Summer, 2014: Vancouver Island’s west coast is an incredible area for adventuring. Vast, rugged, hard to access, complex to navigate and seldom presenting the traveler with favorable conditions, it’s a place whose secrets take time, experience and a fair bit of luck to uncover.
Sea kayaks are typically regarded as the best way to travel the outer coast of Vancouver Island, although the nature of things out there appeals almost exclusively to seasoned paddlers. Sudden summer gales mixed with cold water, fog, surf landings and strong currents all require extraordinary seamanship. Although this post is about something different, in the vein of paddling I should mention that we did a considerable outing this summer using packrafts in definite West Coast sea kayaking territory, and really liked how it worked out.
However, for landlubbers there are also 5 recognized backpack options, listed from south to north: Juan de Fuca trail, West Coast Trail, Hesquiat peninsula, Nootka Island and North Coast trail. The WCT off course is internationally renowned and hence so wrapped in red tape that it is near impossible to even gain a foothold. So forget that one. The Juan de Fuca trail will be described in a bit.
The remaining three are nothing more than hard to find routes with boat or floatplane access only and receiving just sporadic user maintenance. On those remote beaches are where the full outer coast experience awaits. Some, like the Hesquiat/Escalante, see maybe 10 parties per season, and one has to be a strong hiker and very lucky with the weather to pull any of them off with just a week vacation.
The 30 mile Juan de Fuca trail at the very south end of the island is only a few hours of paved driving from Victoria, and considered the easiest of the five. None of the classic upper island access epics here; maintenance is regular and cars can actually get to both ends. Therefore logistics overall are simple with minimum planning and maximum payback. Perfect for a spontaneous fair weather weekend from the mainland.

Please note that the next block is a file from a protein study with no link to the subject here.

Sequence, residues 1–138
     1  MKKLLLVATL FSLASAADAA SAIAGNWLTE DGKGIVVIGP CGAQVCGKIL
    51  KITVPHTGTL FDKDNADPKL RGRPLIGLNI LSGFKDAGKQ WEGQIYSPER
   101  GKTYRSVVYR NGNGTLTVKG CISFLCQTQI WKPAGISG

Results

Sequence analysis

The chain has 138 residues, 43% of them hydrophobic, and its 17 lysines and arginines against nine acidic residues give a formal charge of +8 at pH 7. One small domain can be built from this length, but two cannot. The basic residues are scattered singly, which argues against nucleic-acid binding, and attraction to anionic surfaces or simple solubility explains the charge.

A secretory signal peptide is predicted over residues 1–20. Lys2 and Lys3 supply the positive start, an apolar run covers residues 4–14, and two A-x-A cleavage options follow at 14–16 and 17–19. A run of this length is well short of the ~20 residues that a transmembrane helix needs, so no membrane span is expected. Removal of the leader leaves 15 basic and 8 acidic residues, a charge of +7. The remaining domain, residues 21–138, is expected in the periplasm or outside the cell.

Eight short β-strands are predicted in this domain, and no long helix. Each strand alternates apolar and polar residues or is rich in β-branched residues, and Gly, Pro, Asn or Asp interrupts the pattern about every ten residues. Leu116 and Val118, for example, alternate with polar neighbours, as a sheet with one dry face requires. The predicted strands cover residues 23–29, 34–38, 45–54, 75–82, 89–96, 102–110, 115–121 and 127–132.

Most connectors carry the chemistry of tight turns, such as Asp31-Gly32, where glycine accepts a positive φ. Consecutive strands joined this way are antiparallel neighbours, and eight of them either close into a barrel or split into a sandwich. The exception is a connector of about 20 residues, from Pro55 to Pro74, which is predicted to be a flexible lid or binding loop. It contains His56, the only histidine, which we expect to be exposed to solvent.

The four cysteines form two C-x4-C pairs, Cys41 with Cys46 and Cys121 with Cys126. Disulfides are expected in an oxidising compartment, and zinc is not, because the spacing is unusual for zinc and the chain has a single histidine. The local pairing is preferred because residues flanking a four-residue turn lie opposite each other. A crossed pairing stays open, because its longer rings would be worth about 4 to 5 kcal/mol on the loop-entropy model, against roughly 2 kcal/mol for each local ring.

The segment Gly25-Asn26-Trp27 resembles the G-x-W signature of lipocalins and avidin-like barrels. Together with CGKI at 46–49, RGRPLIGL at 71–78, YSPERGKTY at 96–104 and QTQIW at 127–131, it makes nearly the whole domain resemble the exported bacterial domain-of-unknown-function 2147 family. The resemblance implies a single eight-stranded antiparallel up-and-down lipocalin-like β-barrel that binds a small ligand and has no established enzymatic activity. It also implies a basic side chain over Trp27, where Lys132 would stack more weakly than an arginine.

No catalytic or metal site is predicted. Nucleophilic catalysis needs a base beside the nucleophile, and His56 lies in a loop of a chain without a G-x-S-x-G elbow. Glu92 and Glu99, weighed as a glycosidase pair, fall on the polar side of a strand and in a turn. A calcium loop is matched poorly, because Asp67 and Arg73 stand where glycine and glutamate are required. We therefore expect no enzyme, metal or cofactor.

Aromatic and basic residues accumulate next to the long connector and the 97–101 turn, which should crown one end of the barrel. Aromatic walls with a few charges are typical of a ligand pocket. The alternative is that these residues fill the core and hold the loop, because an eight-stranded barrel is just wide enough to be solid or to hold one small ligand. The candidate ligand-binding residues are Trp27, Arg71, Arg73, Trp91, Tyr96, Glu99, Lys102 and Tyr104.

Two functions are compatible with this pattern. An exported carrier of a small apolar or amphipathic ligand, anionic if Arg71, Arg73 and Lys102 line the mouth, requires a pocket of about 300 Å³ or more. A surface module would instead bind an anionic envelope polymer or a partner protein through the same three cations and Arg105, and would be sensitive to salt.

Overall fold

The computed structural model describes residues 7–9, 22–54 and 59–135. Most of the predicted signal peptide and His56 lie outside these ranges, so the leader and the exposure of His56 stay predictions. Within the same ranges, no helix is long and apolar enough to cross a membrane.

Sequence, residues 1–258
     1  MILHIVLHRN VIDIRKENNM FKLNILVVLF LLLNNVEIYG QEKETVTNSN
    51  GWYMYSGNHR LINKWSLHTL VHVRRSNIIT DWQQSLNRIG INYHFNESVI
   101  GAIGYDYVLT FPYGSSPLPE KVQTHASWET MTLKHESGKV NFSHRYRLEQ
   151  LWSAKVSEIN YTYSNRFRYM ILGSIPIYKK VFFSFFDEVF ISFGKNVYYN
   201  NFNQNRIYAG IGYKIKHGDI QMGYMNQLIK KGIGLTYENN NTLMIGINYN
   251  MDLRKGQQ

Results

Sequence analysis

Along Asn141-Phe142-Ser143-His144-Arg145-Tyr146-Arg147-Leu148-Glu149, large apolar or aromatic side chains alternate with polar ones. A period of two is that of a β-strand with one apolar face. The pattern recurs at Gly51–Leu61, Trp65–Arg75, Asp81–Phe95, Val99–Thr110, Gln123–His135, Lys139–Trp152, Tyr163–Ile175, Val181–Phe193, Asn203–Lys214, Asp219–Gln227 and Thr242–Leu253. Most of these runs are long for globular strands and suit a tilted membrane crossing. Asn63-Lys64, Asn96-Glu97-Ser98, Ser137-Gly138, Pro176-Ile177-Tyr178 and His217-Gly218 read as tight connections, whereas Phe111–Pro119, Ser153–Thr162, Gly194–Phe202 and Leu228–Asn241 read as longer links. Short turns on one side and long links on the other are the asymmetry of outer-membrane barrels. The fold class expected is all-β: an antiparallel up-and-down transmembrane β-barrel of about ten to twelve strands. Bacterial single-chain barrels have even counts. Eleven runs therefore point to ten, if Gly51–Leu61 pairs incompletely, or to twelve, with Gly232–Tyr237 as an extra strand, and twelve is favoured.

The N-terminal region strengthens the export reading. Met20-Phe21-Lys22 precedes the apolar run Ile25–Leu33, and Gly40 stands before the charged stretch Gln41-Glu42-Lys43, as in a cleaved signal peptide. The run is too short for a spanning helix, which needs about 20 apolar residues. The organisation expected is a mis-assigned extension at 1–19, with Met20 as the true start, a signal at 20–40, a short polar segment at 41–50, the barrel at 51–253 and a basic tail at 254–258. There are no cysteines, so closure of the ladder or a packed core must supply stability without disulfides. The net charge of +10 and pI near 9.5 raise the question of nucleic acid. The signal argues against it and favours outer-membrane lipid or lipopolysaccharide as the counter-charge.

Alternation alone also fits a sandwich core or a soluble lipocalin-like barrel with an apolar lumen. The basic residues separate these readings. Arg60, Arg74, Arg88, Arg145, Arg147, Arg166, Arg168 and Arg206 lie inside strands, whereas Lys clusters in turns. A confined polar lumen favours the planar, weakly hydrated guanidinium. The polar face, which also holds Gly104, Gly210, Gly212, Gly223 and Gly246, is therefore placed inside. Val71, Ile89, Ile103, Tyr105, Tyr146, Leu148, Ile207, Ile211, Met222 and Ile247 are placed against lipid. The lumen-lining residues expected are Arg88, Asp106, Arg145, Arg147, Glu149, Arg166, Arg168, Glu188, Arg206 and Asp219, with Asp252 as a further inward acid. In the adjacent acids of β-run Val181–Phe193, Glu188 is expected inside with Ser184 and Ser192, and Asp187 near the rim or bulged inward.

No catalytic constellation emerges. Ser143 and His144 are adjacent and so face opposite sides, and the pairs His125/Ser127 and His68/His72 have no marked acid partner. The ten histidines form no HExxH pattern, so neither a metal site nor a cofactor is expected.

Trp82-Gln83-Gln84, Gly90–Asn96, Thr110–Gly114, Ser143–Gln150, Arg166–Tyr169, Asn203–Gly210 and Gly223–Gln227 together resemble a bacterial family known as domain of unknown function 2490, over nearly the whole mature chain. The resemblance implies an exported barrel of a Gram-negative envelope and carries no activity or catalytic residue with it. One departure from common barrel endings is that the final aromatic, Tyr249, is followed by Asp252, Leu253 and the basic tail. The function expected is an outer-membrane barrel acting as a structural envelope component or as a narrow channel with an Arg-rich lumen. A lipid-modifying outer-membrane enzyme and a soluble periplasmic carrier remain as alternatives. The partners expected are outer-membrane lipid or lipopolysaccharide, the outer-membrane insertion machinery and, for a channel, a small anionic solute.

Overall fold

That said, the hiking we encountered was surprisingly strenuous and rugged, with many steep, root-pulling style climbs, miles of beach cobbles and, although we hit the trail during a prolonged dry spell, long stretches of bottomless mud pits deep in the dark woods.
While only 30 miles most groups spend 4-5 days. 3 days is considered fast. We did it in two and half, in part thanks to the rare sunny skies, but also because a sizeable low pressure system was descending on the region from the Gulf. It was raining hard a few hours after we got out. As for hiking 10 plus miles a day of this sort of coastal terrain, well, it puts a strain on you. The constant up and over jutting headlands with scramble like moves, then hopping thru mud on half buried twigs and balancing on slippery logs across creeks makes it impossible to establish a rhythm, but it also keeps the attention tuned and makes for a fascinating journey. The beach segments were everyones favorite, off course, with the pounding surf from the typical Juan de Fuca blue sky gales, filling the air with mist and spray and sending the shorebirds hither and dither.
We camped on beautiful beaches for the two nights we were out there. Fresh water creeks came out of the forest next to our tent. The wind and crashing waves never let up.